Japanese company Optware Co. Ltd. will commercialize an optical disc that can store more than 1T bytes of data and an associated disc player later this year, the company said earlier this week.
The disc and player are based a 12-centimeter optical disc like existing CDs and DVDs, but the new disc will be able to store about 120 DVD-format movies, according to Atsushi Machida, a spokesman for Optware.
The high capacity -- around 20 times the storage available on existing discs -- and a data transfer speed of 1G bps (bits per second) have been achieved by using digital volume holography read/write technology, developed under the DARPA (Defense Advanced Research Project Agency) project in the U.S., according to Optware's statement.
The system firstly splits a laser source into two beams, signal (data-carrying) and reference beams. The signal beam goes through a spatial light modulator, which has pages of data arranged in a checkerboard pattern. The pattern either blocks or transmits light, therefore the signal beam will encode data via the spatial light modulator. This encoded beam then interferes with the reference beam via an optical lens to record onto a photosensitive volumetric recording medium.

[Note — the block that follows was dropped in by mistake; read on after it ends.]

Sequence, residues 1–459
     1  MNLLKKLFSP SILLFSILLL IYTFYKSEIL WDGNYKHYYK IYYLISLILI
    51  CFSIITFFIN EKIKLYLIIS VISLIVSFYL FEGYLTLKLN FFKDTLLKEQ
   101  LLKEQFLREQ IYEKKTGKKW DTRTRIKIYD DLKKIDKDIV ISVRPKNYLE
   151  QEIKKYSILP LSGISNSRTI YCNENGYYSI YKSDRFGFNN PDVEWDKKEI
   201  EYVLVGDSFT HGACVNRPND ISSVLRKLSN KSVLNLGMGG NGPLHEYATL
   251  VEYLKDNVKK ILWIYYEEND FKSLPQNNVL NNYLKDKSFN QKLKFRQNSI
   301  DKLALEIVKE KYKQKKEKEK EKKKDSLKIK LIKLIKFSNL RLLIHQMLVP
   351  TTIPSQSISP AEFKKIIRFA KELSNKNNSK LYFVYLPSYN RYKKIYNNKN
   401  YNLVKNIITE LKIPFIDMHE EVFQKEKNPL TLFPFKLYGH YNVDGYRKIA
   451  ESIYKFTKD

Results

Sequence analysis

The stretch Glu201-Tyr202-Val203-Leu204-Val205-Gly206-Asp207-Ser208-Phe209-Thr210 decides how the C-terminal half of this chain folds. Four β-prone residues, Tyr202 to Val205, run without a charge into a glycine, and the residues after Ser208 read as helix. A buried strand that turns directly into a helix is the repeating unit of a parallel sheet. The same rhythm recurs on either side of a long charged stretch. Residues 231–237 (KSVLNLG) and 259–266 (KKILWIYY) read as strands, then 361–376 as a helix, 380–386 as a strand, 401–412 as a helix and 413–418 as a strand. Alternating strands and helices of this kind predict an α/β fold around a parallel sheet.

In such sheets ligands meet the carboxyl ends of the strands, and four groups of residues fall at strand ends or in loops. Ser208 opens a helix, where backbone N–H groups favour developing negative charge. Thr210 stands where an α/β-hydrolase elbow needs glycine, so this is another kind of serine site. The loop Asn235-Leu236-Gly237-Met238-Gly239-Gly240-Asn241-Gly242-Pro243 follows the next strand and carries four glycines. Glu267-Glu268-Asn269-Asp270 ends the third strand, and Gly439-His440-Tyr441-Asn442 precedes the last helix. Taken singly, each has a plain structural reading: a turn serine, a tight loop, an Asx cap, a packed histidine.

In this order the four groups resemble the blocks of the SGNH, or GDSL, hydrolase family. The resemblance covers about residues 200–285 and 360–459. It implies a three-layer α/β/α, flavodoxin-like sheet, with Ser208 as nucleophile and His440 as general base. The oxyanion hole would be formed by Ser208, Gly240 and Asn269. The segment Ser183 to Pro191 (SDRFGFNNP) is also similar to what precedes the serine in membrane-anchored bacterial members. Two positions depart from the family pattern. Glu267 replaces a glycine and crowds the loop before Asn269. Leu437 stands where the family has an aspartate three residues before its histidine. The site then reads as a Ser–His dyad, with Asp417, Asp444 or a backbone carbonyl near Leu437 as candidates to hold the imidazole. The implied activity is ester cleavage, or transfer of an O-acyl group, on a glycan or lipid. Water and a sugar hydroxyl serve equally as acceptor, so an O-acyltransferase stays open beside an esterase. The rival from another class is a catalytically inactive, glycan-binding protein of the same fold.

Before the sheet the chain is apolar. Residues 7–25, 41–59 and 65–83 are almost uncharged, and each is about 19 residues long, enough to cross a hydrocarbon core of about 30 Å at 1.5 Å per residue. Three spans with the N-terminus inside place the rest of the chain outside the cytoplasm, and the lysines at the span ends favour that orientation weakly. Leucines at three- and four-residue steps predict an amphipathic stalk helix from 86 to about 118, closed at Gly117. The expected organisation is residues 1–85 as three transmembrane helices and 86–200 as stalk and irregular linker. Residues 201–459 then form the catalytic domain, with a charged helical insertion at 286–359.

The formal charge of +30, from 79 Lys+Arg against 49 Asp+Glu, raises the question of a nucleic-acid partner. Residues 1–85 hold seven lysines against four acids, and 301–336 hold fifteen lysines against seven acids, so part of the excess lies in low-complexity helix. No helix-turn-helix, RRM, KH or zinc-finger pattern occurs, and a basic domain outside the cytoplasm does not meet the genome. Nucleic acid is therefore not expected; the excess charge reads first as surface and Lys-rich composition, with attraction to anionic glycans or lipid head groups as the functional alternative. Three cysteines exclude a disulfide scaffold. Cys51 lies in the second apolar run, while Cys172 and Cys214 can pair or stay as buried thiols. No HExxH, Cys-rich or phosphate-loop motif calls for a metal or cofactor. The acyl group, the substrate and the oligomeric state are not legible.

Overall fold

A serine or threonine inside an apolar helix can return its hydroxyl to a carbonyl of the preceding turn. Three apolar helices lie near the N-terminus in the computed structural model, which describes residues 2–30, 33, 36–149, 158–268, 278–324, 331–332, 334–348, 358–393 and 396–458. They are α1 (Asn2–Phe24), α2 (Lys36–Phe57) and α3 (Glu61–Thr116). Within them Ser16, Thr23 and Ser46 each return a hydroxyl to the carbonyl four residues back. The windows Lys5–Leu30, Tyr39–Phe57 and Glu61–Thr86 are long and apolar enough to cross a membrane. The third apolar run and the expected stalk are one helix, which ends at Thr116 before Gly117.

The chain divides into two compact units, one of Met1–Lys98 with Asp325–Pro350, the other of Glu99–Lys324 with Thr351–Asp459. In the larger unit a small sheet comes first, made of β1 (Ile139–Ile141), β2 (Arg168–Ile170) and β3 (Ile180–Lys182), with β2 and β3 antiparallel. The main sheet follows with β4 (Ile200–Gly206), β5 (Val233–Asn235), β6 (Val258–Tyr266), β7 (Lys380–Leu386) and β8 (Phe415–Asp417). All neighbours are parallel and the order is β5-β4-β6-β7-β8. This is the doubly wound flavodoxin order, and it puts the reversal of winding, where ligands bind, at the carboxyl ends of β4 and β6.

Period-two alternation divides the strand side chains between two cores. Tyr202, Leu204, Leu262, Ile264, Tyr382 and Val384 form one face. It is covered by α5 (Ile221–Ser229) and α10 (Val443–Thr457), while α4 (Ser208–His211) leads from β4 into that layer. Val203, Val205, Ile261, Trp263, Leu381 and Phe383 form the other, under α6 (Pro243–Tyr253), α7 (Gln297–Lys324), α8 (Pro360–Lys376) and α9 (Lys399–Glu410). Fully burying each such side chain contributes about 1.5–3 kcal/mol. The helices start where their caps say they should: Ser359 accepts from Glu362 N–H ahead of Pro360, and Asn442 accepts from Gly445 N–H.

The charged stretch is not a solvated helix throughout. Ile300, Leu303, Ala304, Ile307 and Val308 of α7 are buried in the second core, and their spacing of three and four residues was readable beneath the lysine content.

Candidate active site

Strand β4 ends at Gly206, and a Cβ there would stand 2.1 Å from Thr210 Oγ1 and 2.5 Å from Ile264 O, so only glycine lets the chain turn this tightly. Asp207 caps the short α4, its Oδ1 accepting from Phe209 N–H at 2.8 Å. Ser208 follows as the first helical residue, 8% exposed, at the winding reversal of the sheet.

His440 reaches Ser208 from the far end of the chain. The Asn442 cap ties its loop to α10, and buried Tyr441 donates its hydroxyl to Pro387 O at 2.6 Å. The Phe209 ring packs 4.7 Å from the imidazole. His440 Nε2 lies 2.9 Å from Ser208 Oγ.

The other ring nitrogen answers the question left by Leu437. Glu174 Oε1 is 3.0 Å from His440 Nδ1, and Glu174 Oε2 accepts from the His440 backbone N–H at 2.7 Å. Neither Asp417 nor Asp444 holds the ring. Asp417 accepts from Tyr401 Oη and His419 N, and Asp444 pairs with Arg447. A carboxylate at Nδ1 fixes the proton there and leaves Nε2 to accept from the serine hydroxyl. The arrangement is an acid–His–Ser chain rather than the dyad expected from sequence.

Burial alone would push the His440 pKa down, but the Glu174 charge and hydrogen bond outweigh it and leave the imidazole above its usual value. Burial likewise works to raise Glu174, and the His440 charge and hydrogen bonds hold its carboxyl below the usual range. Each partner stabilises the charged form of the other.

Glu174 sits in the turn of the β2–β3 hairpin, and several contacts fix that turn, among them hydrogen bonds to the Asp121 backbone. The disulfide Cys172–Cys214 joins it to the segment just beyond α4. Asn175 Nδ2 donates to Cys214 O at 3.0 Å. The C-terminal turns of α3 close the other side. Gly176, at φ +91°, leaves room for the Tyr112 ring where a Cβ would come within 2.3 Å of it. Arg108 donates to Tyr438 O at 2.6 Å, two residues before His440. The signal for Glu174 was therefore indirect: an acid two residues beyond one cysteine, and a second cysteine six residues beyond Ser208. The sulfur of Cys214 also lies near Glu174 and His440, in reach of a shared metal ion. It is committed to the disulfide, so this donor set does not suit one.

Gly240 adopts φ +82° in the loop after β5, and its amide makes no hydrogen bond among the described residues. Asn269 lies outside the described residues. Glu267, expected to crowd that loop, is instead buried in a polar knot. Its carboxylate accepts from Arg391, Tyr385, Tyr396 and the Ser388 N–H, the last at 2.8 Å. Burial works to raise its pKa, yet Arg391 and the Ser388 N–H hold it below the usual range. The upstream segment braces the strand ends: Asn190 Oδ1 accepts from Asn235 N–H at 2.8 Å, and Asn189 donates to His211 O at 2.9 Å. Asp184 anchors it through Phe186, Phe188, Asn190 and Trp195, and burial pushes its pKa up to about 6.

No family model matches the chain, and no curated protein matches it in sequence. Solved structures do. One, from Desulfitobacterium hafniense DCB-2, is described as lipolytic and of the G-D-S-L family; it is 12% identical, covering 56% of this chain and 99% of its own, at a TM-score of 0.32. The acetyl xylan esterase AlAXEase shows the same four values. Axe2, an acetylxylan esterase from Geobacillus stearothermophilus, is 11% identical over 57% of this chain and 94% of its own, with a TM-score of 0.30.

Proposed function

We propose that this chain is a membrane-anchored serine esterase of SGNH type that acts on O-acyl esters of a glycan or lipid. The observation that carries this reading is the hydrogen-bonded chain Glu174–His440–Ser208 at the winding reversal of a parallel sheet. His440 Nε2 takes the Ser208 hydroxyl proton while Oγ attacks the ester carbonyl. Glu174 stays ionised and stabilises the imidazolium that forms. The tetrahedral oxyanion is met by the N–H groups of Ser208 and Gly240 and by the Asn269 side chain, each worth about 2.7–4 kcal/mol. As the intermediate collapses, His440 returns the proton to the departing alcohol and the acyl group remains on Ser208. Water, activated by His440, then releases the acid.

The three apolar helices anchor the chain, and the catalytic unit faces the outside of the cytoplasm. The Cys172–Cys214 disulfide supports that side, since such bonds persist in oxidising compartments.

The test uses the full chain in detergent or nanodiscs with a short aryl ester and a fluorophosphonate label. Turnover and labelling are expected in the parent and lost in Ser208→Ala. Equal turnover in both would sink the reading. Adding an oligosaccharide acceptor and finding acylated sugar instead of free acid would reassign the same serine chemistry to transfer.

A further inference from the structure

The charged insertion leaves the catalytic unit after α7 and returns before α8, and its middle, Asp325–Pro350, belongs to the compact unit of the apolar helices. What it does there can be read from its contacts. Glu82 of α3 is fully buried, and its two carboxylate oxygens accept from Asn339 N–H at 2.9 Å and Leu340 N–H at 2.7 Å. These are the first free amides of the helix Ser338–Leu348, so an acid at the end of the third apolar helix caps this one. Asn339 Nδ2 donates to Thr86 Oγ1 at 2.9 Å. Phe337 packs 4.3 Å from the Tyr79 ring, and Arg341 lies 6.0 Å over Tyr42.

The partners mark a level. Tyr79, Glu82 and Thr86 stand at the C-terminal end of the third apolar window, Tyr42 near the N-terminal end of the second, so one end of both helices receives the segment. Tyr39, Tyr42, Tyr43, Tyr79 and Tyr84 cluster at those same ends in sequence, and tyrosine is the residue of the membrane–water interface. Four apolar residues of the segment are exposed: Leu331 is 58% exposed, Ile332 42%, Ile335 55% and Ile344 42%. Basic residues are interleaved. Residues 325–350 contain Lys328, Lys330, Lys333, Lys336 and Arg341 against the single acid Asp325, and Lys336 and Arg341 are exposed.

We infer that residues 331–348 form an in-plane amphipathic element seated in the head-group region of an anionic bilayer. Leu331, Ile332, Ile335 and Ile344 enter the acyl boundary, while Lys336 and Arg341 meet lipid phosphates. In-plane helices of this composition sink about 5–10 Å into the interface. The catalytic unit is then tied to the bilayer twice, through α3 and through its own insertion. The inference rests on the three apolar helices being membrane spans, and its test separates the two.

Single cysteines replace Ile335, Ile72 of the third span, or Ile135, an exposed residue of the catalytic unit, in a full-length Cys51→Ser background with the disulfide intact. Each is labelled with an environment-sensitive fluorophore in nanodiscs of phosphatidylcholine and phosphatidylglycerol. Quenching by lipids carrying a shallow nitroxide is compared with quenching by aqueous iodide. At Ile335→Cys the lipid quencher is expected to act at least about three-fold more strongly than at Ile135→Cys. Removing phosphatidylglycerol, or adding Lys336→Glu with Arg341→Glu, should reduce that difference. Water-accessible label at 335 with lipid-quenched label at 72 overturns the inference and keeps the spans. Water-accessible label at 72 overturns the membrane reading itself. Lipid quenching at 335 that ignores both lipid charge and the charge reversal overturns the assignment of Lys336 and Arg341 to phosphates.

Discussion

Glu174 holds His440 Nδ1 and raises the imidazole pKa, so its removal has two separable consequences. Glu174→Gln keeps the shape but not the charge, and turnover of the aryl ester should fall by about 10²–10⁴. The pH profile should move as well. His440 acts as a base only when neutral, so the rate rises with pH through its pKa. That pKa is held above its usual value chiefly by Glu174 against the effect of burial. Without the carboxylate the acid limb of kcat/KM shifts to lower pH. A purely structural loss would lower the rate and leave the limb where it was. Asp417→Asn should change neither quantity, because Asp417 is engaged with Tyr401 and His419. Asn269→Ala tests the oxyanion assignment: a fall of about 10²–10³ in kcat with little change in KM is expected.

By changing the angle or wavelength of the reference beam, the technology allows many different data pages to be recorded in three dimensions (3D) and read out in the same recording medium, allowing for enormous storage capacity.
In this form, though, the technology is costly, unreliable, and not compatible with existing disc media.
"That was the reason why it has been said that an optical disc based on holography is difficult for commercialization," Machida said.
According to its statement, Optware has developed a reliable method of storing data in 3D on existing CD/DVD media.
Conventional optical disc systems use a single red laser beam to write a dot, containing one bit of information, to a disc surface. Optware's technology, known as polarized collinear holography, splits the signal laser beam into 1 million narrower beams, creates data pages in the same way as the DARPA system, and with the help of a separate reference laser beam, writes the data in 3D to the disc's volumetric recording layer. One million bits of information can be stored for each dot, Optware said.
The company will start sample shipping of the disc and the replay device in the third quarter of this year. Its first product will be a write-once disc, to be followed by rewritable discs, Machida said.